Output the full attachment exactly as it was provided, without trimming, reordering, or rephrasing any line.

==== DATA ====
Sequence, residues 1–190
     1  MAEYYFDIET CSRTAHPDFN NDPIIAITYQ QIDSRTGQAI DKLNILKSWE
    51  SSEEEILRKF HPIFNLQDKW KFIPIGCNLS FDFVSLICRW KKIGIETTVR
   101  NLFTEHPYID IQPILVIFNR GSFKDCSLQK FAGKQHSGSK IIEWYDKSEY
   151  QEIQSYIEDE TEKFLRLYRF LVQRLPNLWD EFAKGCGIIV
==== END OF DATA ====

Sequence, residues 1–190
     1  MAEYYFDIET CSRTAHPDFN NDPIIAITYQ QIDSRTGQAI DKLNILKSWE
    51  SSEEEILRKF HPIFNLQDKW KFIPIGCNLS FDFVSLICRW KKIGIETTVR
   101  NLFTEHPYID IQPILVIFNR GSFKDCSLQK FAGKQHSGSK IIEWYDKSEY
   151  QEIQSYIEDE TEKFLRLYRF LVQRLPNLWD EFAKGCGIIV